Demanding the TV to be used as the “main set” is too much, same goes for the detailed requirements for Internet connection. If they want it to be “always online”, there’s a need for an unlimited Internet plan to be part of the package. I wouldn’t consider using such a TV on any data capped plan since video commercials streamed at 1080p or 4K still take up valuable “paid” bandwidth.

    I would say that this implementation is better than starting to sell TVs “on contract” since smartphones is the best example of the lousiness such a strategy will bring (overpriced trash products). It would be a disaster if TVs become branded, sold on 24-36 months “cable contracts” and a regular 1080p set is suddenly $600 “because people are buying them on contract anyway” the same way as postmodern human beings are indoctrinated with the idea that a $600 smartphone is some kind of “entry level” product even if that price tag gave a high-end device for many years.

    1. “When the TV is used as a monitor for a gaming console, ads are shown when being on the homescreen and/or in the store but not when a game is being played.”

      I think it would be difficult to pull this out with existing technologies, even if they were willing to do it.

      Personally I’m curious about what happens in case of accidental damage (my cat jump against the TV and the likes), considering you’re basically renting this thing, in exchange for their ads.

    2. A lot of people are hoping this experiment fails (for reasons you can just read here, I don’t need to repeat them), but I honestly worry that it might not. And if it fails now, maybe it’s just a matter of timing and they just need to wait for people to get even dumber or more complacent with ads and surveillance, assuming most work doesn’t stop making sense before then.
      And if it succeeds in capturing the unwashed masses, you might see cable companies scrambling with all sorts of weird package deals, some of which will include TV sets. For there, I can imagine all kinds of annoying stuff, like TV over IP instead of old digital cable that at least eliminates the “cable box” but can’t be used with a PC, Netflix getting into the TV hardware business, etc.

      Of course none of that might happen if in a few months apple fanatics begin to make VR/AR headsets fashionable enough to eventually replace TV sets and monitors entirely, or some economic disaster forces everyone to use smartphones for everything.

  3. Have you ever heard “if it sounds too good to be true, it probably is”? They’ve got to do something to keep you watching whatever they’re paid to get you to watch. I suspect the TV will refuse to turn on, even for a game console, without a connection to its servers, so no pi-holing it.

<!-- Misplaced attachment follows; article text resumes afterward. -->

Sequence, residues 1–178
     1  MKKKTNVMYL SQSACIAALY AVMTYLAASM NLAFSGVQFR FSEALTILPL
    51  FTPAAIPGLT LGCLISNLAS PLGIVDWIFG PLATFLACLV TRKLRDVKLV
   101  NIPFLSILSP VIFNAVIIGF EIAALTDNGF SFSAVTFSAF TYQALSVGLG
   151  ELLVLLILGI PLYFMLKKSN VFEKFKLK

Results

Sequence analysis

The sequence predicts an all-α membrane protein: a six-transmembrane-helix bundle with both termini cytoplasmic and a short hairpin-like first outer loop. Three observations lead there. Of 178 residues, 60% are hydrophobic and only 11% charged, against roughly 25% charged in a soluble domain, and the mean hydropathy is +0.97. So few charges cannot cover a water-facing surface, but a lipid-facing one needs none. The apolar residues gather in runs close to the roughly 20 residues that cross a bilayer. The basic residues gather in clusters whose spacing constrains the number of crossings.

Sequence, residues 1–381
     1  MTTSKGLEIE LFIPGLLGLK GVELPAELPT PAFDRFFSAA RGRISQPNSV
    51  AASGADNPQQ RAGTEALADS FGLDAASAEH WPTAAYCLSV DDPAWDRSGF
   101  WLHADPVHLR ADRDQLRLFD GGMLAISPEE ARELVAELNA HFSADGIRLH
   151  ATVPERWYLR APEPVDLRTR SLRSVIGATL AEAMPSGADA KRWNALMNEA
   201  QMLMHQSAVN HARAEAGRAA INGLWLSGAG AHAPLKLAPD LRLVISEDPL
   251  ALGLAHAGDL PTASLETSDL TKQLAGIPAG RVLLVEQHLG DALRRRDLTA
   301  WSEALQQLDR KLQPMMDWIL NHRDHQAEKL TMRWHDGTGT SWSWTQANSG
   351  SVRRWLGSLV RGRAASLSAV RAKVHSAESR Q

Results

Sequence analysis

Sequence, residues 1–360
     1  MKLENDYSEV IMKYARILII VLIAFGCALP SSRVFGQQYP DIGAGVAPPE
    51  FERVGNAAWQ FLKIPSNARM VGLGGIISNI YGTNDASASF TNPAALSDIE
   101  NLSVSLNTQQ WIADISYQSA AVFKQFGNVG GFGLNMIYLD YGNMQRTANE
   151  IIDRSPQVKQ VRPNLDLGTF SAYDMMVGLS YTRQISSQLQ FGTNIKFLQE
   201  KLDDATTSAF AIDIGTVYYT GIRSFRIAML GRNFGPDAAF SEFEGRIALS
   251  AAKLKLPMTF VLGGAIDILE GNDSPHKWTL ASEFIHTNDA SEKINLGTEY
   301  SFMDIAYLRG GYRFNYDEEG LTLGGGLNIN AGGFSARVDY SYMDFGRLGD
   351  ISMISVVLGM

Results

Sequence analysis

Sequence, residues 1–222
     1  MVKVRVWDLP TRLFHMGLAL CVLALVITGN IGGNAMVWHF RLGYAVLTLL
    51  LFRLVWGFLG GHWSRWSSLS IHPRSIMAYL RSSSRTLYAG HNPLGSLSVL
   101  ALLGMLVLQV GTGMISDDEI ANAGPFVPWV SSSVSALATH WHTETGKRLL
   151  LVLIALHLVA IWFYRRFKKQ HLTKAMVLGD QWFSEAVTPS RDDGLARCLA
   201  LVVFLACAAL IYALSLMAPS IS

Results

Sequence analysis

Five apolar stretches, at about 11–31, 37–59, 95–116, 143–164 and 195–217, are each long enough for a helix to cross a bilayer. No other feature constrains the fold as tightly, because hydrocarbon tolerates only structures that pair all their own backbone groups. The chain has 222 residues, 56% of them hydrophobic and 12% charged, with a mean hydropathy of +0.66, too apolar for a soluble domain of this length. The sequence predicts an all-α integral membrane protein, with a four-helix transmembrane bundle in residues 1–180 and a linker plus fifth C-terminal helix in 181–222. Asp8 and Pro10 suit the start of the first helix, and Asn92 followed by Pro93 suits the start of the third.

Okay, so it’s got that camera for video conferencing that you can cover up. But it looks like it’s got two cameras, on on the top and the other in the middle of the sound bar, and I would assume until proven otherwise that the unmentioned one is infrared and doesn’t have a shutter. The TV might use ultrasonic sensors to detect obstructions of the bottom screen. And of course, you can’t cover the microphones, especially if where exactly they are is unknown and randomized a little.
    They suggest using both screens for ads while you’re using neither in the The Verge article, but that’s not exactly hard to get around, and you’d want to get around that to avoid consuming too much electricity, you just…plug the TV into a power strip or a socket that’s in line with a light switch. I guess they could give it a five minute boot time to discourage that.
    And, as they mention, they’re trying to work out how often they can get away with showing ads and how. Things can get worse.
    Other things they might be doing but not telling you about may involve wi-fi sensing. You cannot block this without blocking the screen, and the sheer size of the device means they can make it into a gigantic, and thus very precise antenna, which can detect exactly what every object inside your house is doing right now. If that’s the case, there’s never been more of a Telescreen than the Telly screen.

  4. The TOS for the Telly are pretty clear about what they’re expecting (from https://www.freetelly.com/terms-of-service):

    “The Product requires an Internet and Wi-Fi connections from third-party providers in order to be functional. Your Internet connection or data plan is subject to the fees, restrictions, terms and limitations imposed by your provider. In order to use the Product and Services, You will:

    (a) Use the Product as the primary television in Your household;

    (b) Keep the Product connected to WiFi and internet; and

    (c) Not use any software on Your WiFi network that with advertising blocking capability.